Pooja Raichur
UX designer
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The story

DemocracyLab connects skilled tech volunteers to projects on their platform. It also has Groups (for example Code for San Jose) that support projects by providing volunteers. Dlab organizes hackathons and other events to solve problems and brings people together.

  • Group leaders expressed the need to have a 'find projects' search and filter function on their page on DLab

  • Currently, the number of projects aren't too many but the groups expect to support more projects in the future and volunteers should be able to search for projects based on various criteria like skills, causes, etc

  • I was the UX Designer for this design task and I worked with the Executive Director and developers to create mockups, various options, and the final solution.

Design Brief

"There is currently no way to search or filter projects on Group pages, the way we do on the Find Projects page. This functionality will be desirable as Groups add more projects. The design used on the Find Projects page appears to be overkill on the Group pages."

My design process

A design brief was given to me. I asked the team, questions about the requirements, timeline, and other constraints. I met with 4 users in a focus group to test out existing filters on the site. After sketching ideas, I created mockups to discuss the design options with the team.

Existing page

•Existing project information is placed in three sections of the page which is a bit of a visual disconnect.

•Project Info spills into project card area.

Constraints: 

Layout of existing filters on another page on the platform - do I need to keep my design consistent with that design?- this was one of the questions for stakeholders.

Filters elsewhere on site

Elsewhere on the site were filters and search function which looked like this and worked well for that page.

However the split layout didn't necessarily need to be followed was a response I got from stakeholders and developers. That was not a constraint at all.

Research via Focus group to gather requirements

To explore what the users had to say I conducted a focus group with 4 volunteers over a phone call while they explored the existing filters page.

  • I was curious about the split layout, which is seen in a lot of websites today. Plenty of ecommerce websites have filter categories to the left and search to the top right of the page.

  • The layout did not follow Gestalt principles.

  • The main insights I got from the interview were that the split layout was alright but a better design option would be welcome. The filter categories are great and serve the purpose very well for the other page, however, it could be an "overkill" for the Groups page. This was in line with what the Group owners & other stakeholders suggested.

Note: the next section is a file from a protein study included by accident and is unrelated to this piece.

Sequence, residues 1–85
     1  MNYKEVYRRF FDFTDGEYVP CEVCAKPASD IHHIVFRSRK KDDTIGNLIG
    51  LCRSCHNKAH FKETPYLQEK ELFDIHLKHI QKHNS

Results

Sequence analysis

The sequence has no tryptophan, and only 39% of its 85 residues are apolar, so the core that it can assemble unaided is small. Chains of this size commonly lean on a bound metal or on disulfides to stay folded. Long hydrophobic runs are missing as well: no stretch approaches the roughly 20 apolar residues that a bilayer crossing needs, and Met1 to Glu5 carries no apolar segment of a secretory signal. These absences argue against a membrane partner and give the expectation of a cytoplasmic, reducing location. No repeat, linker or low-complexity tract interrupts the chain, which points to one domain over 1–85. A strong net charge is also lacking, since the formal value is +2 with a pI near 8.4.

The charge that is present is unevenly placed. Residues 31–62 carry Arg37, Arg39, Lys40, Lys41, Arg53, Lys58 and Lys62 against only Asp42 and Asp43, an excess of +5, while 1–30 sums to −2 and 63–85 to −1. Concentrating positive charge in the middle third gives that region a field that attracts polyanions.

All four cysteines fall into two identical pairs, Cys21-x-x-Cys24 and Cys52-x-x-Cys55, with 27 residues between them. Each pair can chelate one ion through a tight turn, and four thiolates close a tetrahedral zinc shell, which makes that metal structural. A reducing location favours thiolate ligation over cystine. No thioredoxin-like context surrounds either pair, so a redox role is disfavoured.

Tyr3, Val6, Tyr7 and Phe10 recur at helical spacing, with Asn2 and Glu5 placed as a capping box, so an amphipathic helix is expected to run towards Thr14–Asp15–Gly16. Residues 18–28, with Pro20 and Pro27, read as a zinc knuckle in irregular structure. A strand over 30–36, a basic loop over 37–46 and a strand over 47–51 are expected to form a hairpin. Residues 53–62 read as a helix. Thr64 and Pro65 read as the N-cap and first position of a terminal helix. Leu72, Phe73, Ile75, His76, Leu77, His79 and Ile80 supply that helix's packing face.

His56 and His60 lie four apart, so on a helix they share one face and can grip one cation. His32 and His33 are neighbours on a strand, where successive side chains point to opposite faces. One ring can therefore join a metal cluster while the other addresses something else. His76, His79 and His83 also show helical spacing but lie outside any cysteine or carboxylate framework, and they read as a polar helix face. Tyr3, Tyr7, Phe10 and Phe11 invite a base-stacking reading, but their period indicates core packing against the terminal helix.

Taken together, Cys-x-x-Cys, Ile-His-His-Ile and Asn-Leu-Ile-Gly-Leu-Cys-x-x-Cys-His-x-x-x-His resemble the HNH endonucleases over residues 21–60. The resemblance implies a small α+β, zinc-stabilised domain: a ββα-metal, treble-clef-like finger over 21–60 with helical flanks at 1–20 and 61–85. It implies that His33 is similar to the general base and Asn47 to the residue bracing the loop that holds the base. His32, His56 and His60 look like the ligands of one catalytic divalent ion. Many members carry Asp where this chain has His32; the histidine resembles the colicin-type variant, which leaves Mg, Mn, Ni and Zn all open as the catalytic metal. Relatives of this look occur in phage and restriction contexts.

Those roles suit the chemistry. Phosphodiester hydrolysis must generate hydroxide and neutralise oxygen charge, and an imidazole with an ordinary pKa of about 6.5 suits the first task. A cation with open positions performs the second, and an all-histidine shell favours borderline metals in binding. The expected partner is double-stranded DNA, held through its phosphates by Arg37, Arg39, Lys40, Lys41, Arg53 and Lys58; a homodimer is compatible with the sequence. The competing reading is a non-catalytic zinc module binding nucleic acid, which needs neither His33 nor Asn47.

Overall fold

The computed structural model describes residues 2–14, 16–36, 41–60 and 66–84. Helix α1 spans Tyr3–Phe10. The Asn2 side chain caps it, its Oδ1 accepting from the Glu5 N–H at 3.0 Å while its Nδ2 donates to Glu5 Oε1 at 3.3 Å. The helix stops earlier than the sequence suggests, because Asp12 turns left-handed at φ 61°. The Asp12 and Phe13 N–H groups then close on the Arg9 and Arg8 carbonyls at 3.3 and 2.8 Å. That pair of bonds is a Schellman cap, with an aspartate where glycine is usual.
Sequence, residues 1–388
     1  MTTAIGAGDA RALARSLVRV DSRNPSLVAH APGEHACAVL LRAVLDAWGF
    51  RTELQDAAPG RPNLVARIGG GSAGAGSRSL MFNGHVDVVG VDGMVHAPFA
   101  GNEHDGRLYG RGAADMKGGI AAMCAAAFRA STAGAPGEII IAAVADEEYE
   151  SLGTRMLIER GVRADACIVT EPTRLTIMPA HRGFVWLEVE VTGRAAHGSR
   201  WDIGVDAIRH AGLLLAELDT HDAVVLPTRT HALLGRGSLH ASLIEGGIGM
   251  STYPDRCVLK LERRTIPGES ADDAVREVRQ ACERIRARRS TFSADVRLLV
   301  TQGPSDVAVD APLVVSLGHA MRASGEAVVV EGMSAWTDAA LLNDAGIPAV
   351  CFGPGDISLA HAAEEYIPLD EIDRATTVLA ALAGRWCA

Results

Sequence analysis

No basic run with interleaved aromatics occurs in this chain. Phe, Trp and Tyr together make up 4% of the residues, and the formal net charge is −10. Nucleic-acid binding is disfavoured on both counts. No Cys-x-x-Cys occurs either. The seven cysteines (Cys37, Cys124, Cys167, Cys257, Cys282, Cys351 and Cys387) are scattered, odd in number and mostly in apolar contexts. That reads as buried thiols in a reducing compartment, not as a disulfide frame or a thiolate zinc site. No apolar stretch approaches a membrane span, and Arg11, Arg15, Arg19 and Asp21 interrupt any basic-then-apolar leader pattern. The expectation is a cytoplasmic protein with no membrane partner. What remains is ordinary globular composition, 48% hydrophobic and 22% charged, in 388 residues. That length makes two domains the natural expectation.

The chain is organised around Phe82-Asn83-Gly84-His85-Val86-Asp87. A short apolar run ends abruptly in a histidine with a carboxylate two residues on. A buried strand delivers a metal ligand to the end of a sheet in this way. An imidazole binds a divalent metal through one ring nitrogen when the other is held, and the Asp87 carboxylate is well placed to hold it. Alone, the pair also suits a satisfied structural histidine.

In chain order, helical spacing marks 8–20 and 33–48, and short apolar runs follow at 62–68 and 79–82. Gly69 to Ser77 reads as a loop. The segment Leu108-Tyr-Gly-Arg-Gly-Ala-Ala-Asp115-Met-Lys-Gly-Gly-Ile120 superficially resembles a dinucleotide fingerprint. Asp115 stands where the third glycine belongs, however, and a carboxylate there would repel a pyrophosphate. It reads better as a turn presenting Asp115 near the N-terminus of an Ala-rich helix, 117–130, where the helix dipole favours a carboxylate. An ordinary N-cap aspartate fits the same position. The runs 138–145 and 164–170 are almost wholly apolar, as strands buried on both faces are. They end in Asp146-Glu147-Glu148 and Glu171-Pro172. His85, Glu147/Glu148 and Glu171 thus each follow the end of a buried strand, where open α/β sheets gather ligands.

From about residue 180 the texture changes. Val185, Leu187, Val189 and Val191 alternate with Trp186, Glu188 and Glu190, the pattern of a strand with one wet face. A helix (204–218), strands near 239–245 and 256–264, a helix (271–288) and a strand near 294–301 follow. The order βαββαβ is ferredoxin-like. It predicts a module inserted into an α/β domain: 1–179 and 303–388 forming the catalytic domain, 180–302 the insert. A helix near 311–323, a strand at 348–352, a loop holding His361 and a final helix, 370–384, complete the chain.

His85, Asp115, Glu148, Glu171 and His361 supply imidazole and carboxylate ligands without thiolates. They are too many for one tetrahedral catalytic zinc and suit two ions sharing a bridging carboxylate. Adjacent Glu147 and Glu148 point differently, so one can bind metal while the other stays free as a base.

Sketches

I sketched ideas based on which I created mockups to present to the team.

Mockups Iteration 1

During our weekly meetings, I presented my design options to the team, where we brainstormed on solutions. I redesigned the project information section, which now followed the Gestalt principle of proximity and freed up space for the filters and search bar. I had three options as shown here.

Final iteration

Before filters applied:

•Collapsed filters – a compact solution

•Clear filters button in two states

•Project information now in a card

Filters selected:

•Orange checkmark instead of a strip of orange

•Orange color does not pass WCAG tests, brand color is being evaluated

After filters are applied:

•Filter selections show in the box

•‘Sort by’ also uses the same orange check box for consistency - This triggered a site-wide change.

Mobile mockups- final iteration

Mobile mockups- final iteration

What I learned from this project

Success metrics I wanted to track but could not due to lack of resources

Adoption: The number of volunteer sign-ups per project.

Satisfaction: Ratings from satisfaction surveys.

Setting conversion rate goals and tracking them. The number of visitors converted to volunteers.

I learned that teamwork and feedback are key to successful design.

It was great to present my work to the Executive Director/ Product Owner, fellow UX Designers, and Developers to get feedback during brainstorming sessions. I listed all my assumptions and constraints and discussed them with the team, which helped me narrow down a final solution.

By presenting many ideas early on, I was able to facilitate a brainstorming session and understand which ideas worked and which ones didn't and why they didn't work.